Spotlight on the 3-Day Regional Teacher Seminars in 2020

Registration for the 2020 Gilder Lehrman Teacher Seminars is now open!

In its 25th year of offering dynamic, content-rich Teacher Seminars led by the top scholars in the country, the Gilder Lehrman Institute announces that, in addition to 6-Day Teacher Seminars and the inaugural Teacher Seminar Summit, 3-Day Teacher Seminars will be offered. These four regional seminars are rigorous workshops designed to help teachers receive exceptional professional development without traveling far from home.

David McCullough leads the pilot 3-day workshop model at Hingham, site of Andrew W. Robertson's 2020 Seminar, "The Early American Republic, 1787–1808."Particularly convenient for teachers unable to commit to a 6-Day Seminar, these 3-Day Seminars offer the same high-quality professional development. The format of the seminar is based on the 3-day workshop model piloted in Hingham, Massachusetts last summer with lead scholar David McCullough.

Echoing the sentiments of other teachers surveyed after the pilot workshop, one teacher said: "I was blown away by the quality of speakers we had, their willingness to engage with us, and the amazing staff. The master teacher was incredibly knowledgeable and willing to share practices with us. I can't believe how much I learned in just three days." 

The four 2020 3-Day Teacher Seminars are:

The 2019 "9/11 in American Memory" Teacher Seminar in New York City9/11 and American Memory with Edward T. Linenthal, Professor of History, Indiana University Bloomington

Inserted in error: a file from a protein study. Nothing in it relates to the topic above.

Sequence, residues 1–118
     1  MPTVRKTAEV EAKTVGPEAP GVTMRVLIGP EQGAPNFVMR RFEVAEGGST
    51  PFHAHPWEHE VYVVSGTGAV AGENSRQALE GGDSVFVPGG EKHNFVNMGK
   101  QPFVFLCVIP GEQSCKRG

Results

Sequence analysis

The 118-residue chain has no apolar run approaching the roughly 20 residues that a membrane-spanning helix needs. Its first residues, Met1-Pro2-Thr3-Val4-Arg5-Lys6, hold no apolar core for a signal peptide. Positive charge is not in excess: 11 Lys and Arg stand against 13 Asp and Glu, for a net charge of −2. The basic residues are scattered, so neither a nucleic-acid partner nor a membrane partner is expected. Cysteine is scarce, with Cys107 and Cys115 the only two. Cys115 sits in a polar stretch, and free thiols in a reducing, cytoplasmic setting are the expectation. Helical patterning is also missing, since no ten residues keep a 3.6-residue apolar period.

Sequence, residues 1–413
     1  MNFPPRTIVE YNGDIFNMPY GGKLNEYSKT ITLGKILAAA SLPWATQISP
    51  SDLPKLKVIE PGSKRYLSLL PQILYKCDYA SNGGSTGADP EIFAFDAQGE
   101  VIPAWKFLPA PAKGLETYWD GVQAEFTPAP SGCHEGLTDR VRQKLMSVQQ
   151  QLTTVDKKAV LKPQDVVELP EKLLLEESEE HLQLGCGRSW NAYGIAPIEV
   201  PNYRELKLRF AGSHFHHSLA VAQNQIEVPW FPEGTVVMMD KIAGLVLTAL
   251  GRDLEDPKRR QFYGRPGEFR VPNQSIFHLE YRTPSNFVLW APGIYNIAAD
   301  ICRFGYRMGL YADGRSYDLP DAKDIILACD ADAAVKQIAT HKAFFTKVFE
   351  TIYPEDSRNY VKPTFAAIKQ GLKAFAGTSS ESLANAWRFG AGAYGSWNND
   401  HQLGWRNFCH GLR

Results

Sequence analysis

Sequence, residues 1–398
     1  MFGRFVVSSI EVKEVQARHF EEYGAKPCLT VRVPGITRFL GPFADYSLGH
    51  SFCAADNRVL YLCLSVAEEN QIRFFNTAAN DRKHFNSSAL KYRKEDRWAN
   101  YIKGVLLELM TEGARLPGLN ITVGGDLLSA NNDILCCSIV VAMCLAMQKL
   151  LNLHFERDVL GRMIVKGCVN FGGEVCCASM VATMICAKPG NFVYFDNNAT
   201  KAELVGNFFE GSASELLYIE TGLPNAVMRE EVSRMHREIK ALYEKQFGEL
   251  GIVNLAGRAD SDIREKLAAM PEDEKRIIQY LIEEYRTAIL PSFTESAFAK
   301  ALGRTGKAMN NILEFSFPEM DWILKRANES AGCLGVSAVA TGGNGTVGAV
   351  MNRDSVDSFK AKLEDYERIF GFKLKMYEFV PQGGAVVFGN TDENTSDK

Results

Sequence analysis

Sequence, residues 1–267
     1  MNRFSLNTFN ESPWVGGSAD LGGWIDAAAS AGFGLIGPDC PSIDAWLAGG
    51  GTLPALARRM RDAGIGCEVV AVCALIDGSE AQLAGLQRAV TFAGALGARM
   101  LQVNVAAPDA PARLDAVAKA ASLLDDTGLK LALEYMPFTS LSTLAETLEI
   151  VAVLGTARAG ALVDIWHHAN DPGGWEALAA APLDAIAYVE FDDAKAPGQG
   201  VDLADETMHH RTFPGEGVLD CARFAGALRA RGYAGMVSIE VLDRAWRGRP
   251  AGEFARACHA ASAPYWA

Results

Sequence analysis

This joint Gilder Lehrman Institute / National September 11 Memorial & Museum seminar for teachers will investigate the historical causes and background, the immediate impact, and the ongoing legacies of the attacks of September 11, 2001.

The Early American Republic, 1787–1808 with Andrew W. Robertson, Associate Professor, Graduate Center / Lehman College, CUNY

In partnership with the Hingham Historical Society, this seminar will explore the Declaration of Independence, the Constitution, and the Bill of Rights; consider the controversy over Hamiltonian economic policy and over foreign policy in an era fraught with the perils of foreign entanglements; examine the increasing democratization and polarization of the United States in advance of the 1800 election; pay special attention to the important changes in women’s role in public and private life; and focus on the Founders’ greatest worry: how Americans could maintain a republic that was rapidly becoming half slave and half free.

Professor Gary Gallagher teaching a 2018 Teacher Seminar on the Civil War, featuring a demonstration of Civil War weaponryThe American Civil War: Origins and Consequences with Gary W. Gallagher, John L. Nau III Professor in the History of the American Civil War, Emeritus, and Director, John L. Nau III Center for Civil War History, University of Virginia

This seminar examines the tumultuous era of the American Civil War, emphasizing the conflict’s origins, scope, and consequences, and examining the central role of slavery and the ways in which the Civil War era continues to resonate today. 

American Protest Literature: Thomas Paine to the Present with John Stauffer, Sumner R. and Marshall S. Kates Professor of English and of African and African American Studies, Harvard University

This interdisciplinary seminar examines the rich tradition of protest literature in the United States from the American Revolution to the present, focusing on “literature,” broadly construed, that critiques society, suggests a solution to its ills, and functions as a catalyst, guide, or mirror of social change.

Learn more about all of the Teacher Seminars and see Frequently Asked Questions here.